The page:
• page – checks that accessing a particular url (with the “HEAD” method by default) returns status code 200 (OK in HTTP parlance).
  • cmd – checks that executing a particular shell command is successful (exits with code 0).
  • file – checks that the specified file exists and has a particular minimum size (defaults to 1 so this effectively checks the file is not empty).

Next, we define a class which we’ll use to define individual checks. It will wrap one of the functions above, the parameters we want to pass to it, and how long we should cache results for before allowing the check to be run again:

class Check:
    def __init__(self, func, *args, every=60, **kwargs):
        self.func = func
        self.args = args
        self.kwargs = kwargs
        self.every = every
        self.last_run = None
        self.value = None

    def update(self):
        now = time()
        if self.last_run is None or self.last_run + self.every < now:
            self.last_run = now
            self.value = self.func(*self.args, **self.kwargs)

Next, we need the background thread that will loop round running the update method of all the checks in the layout:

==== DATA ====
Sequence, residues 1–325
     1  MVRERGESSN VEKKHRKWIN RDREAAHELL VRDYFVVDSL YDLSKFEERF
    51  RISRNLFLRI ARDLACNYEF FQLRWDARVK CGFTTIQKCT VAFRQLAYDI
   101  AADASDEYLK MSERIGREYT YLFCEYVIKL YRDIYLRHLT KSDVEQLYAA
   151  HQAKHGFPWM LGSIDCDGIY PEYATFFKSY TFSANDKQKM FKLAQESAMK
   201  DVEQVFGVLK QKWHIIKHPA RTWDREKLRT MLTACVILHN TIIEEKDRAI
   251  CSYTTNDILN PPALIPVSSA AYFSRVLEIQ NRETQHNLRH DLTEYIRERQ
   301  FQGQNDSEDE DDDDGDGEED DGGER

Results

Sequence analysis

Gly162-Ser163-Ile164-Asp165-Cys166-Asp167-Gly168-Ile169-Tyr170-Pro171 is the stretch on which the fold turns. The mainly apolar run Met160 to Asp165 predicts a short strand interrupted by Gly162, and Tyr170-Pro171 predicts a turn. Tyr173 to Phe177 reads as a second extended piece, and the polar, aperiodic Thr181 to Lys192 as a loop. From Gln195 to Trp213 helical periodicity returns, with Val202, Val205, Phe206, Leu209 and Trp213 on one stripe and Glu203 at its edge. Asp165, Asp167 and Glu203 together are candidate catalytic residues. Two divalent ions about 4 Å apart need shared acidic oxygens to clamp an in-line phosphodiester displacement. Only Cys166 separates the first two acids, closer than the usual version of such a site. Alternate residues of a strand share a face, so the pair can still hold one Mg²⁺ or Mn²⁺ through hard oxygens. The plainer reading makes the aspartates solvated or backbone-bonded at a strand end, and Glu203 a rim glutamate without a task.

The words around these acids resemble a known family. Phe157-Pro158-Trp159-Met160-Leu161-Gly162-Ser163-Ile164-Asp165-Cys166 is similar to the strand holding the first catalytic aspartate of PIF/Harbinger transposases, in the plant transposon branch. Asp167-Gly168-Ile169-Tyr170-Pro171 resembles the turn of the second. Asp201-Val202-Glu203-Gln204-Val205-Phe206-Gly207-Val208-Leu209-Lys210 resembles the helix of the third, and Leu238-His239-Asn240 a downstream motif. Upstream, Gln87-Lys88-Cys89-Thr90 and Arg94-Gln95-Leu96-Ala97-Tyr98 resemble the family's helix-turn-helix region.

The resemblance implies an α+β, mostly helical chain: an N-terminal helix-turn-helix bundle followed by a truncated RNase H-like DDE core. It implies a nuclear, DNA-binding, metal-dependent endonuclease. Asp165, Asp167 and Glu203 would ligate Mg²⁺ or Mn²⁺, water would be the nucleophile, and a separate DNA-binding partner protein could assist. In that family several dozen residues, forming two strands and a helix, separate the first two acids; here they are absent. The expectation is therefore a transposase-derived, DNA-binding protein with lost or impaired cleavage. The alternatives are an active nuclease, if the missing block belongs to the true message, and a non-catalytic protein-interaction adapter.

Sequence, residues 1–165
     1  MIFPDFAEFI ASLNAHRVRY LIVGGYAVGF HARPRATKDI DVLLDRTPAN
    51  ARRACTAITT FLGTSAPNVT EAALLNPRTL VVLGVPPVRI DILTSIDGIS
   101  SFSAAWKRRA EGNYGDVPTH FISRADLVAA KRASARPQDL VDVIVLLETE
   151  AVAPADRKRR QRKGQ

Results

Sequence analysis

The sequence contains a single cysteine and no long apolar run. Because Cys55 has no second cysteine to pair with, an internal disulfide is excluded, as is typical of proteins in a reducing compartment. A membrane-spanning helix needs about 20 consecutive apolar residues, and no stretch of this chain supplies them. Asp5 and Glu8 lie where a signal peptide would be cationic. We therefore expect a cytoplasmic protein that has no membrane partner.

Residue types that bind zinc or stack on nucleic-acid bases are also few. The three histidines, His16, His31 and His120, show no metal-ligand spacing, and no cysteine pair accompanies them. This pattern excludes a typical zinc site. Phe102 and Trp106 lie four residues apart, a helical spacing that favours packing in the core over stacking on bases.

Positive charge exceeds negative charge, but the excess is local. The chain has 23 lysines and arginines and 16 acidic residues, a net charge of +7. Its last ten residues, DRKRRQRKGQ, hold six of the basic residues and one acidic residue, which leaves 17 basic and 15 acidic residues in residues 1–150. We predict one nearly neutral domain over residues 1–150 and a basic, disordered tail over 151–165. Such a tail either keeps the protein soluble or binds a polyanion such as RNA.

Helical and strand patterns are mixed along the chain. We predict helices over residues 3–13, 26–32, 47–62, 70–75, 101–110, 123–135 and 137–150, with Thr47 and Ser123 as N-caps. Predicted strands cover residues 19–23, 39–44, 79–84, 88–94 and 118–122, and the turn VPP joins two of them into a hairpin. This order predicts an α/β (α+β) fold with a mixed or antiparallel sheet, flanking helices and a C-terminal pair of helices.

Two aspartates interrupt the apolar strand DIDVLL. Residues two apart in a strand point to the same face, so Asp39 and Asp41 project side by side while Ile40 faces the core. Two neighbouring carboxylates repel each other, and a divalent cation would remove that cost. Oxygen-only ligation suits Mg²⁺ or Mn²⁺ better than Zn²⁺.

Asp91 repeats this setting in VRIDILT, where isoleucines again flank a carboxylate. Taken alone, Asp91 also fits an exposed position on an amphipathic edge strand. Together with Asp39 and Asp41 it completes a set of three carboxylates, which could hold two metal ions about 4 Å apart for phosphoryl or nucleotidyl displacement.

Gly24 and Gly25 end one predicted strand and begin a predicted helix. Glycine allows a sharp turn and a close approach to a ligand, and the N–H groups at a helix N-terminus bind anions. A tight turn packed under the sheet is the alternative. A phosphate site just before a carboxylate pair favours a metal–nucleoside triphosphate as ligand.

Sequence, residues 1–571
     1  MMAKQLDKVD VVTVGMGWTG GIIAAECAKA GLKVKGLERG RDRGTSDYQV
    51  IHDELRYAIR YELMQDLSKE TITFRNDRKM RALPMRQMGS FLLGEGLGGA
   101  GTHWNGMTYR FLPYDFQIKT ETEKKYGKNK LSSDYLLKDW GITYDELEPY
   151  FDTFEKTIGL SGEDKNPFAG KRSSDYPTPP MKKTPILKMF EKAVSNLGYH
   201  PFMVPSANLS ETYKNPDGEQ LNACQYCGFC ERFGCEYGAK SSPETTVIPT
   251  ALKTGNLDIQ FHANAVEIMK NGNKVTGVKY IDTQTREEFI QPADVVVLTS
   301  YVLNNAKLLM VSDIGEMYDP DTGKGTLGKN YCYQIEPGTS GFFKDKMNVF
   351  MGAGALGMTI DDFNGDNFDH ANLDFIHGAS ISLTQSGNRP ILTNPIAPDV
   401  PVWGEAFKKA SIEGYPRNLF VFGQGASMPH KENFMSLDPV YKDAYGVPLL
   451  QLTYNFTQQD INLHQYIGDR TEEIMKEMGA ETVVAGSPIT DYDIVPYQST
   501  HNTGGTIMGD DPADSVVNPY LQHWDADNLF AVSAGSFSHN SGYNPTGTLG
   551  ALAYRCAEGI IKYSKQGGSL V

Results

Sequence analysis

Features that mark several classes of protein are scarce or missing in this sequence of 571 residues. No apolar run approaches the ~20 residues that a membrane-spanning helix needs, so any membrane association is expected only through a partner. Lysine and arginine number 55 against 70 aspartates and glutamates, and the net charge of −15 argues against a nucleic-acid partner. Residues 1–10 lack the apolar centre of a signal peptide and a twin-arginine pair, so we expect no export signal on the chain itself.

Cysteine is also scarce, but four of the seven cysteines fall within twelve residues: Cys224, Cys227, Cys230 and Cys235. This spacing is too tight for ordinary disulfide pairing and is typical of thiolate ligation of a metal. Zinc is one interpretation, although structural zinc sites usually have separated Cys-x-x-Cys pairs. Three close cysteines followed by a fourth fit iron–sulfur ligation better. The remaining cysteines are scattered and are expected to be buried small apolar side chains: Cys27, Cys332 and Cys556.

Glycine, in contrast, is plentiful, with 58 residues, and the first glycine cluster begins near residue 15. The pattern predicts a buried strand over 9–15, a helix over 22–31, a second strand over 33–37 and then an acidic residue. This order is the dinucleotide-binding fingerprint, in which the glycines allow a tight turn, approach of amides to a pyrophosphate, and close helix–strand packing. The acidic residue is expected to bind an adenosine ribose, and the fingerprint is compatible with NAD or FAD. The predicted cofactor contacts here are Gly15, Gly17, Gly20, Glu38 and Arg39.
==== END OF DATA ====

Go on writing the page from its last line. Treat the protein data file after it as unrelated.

class UpdateThread(Thread):
    def __init__(self, layout):
        super().__init__(target=self.update, args=(layout,), daemon=True)
        self._done = Event()

    def stop(self):

    def update(self, layout):
        while not self._done.wait(1):
            for row in layout:
                for check in row:
                    if isinstance(check, Check):

Finally, we need to run the main monitor function and define all the checks we want to execute. I’ve included some examples which check some common / important pages on the piwheels site, some pages on my blog server, some basic connectivity checks (can ping the local gateway, can ping a DNS name, can ping Google’s DNS), and some example file checks.

if __name__ == '__main__':
        [ # some connectivity tests, centered
            Check(cmd, 'ping -c 1 -W 1', every=5),
            Check(cmd, 'ping -c 1 -W 1', every=30),
            Check(cmd, 'ping -c 1 -W 1', every=30),